How the government decides when (and which) presidential candidates get Secret Service

Democratic presidential candidate Robert F. Kennedy Jr. says he has been denied Secret Service protection and is casting the decision as an outrage. But there’s a lot more that goes into getting a protective detail than just asking for it — and Kennedy falls short on much of the Secret Service’s public criteria.

Secret Service protection has been extended to candidates for president — and not just presidents themselves — since a law was enacted in 1968, following the assassination of Kennedy’s father during his presidential campaign. According to Secret Service guidance published for the 2020 election, “major presidential and vice presidential candidates” are “eligible” for protection.

But the secretary of the Department of Homeland Security has wide latitude to decide who qualifies and why, after consultation with an advisory committee. The committee is comprised of high-level members of the government including the speaker of the House, the House minority leader, the Senate majority leader, the Senate minority leader and one additional member chosen by the committee.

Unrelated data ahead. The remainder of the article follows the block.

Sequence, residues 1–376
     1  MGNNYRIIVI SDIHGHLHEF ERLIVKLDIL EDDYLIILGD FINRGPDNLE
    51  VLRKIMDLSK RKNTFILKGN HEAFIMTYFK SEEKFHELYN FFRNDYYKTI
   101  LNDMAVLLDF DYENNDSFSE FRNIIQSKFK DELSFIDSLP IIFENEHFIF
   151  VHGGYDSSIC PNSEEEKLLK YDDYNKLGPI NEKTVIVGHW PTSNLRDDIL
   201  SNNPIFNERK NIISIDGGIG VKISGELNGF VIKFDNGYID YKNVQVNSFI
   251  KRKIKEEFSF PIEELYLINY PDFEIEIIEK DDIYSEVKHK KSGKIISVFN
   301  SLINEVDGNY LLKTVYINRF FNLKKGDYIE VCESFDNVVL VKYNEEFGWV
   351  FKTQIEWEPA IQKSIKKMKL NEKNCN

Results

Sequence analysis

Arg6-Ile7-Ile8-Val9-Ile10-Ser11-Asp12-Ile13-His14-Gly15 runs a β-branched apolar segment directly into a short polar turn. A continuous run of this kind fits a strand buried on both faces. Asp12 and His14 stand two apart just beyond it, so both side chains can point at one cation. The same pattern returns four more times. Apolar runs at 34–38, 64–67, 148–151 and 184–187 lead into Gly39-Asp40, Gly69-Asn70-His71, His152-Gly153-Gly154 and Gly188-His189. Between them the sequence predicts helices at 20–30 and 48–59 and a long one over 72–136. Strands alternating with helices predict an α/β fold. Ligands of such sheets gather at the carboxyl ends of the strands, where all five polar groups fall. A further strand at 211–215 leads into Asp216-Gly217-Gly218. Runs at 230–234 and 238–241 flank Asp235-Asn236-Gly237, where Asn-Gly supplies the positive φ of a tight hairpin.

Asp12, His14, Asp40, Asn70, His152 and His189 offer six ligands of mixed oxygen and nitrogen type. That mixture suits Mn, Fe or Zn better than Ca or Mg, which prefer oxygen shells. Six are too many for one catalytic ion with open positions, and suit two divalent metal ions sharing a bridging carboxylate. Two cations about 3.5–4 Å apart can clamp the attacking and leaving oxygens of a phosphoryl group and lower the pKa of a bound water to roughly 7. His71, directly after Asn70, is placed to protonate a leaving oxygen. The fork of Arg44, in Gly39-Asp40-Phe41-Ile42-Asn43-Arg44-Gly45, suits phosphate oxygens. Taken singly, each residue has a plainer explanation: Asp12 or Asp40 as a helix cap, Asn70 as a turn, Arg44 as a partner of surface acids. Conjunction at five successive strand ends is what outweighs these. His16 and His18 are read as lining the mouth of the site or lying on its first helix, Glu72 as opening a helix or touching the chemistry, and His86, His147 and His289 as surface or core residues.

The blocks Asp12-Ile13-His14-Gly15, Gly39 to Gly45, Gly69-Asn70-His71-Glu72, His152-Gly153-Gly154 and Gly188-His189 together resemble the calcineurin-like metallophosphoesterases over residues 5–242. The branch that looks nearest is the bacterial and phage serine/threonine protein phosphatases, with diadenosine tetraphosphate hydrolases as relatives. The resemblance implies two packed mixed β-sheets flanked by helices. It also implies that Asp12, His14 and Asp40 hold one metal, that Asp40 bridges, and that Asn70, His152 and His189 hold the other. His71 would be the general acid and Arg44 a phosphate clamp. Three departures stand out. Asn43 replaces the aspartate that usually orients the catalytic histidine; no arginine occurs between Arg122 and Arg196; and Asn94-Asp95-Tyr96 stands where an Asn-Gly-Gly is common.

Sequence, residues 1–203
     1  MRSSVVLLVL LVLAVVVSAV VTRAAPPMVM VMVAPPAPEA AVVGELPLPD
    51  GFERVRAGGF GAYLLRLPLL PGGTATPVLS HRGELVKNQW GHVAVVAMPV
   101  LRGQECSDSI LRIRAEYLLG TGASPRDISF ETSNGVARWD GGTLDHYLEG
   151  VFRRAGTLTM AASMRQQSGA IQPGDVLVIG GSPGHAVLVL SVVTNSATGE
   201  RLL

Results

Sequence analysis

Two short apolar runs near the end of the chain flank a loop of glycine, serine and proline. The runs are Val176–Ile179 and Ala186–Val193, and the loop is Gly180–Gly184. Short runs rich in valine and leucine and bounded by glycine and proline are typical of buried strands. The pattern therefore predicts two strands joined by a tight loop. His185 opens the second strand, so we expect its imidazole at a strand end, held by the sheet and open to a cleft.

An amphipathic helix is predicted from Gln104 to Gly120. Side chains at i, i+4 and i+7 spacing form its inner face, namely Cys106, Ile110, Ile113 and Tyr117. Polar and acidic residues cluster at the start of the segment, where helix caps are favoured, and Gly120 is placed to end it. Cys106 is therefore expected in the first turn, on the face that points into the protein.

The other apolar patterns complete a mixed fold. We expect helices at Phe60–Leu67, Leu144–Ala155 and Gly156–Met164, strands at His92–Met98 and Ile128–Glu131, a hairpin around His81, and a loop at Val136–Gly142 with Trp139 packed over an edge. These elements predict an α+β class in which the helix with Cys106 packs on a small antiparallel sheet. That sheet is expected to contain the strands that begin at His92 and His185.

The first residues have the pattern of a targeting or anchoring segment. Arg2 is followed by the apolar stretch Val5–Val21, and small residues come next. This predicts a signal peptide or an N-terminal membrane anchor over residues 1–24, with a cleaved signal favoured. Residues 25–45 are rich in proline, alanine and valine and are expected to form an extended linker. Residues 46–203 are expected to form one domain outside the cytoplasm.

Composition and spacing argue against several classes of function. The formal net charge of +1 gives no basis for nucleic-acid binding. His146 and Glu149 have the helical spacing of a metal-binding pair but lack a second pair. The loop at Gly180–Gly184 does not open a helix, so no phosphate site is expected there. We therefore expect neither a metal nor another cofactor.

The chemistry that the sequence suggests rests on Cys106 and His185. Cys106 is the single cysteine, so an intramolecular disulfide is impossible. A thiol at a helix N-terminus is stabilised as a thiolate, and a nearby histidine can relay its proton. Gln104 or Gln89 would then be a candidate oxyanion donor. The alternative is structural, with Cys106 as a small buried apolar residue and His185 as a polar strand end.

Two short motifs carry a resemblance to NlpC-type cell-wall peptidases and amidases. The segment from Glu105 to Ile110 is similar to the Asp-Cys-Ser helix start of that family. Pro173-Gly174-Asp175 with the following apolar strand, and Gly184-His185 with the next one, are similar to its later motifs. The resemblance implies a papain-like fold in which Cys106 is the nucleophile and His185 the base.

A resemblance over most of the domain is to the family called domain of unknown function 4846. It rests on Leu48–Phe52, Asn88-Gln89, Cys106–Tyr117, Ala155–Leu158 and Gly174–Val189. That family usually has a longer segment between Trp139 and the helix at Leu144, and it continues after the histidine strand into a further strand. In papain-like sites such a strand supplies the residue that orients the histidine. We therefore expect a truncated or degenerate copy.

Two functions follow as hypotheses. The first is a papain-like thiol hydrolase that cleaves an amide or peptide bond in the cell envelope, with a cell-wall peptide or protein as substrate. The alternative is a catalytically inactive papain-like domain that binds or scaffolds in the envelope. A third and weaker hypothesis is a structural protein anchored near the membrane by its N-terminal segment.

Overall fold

The Secret Service laid out a number of other factors explaining why not every declared presidential candidate gets a Secret Service detail and what goes into making that decision. The 2020 guidance lists polling thresholds for primary candidates or third-party general election nominees. And it also says the decision could be guided by a specific assessment of threats against that candidate.

Then-candidate Donald Trump received Secret Service protection almost one year prior to the 2016 general election, after being approved in 2015, along with fellow GOP contender Ben Carson, in the lead-up to the Iowa caucuses. In 2020, now-President Joe Biden said that candidates should receive protection earlier than normal, after a protester rushed the stage at an event and his wife ran toward them in defense of her husband.

Like Biden in 2020, Mike Pence once had Secret Service protection as vice president but doesn’t have it currently on the campaign trail, nor has he requested it as of now, according to his campaign. Federal law states that vice presidents lose their Secret Service protection six months after leaving office.

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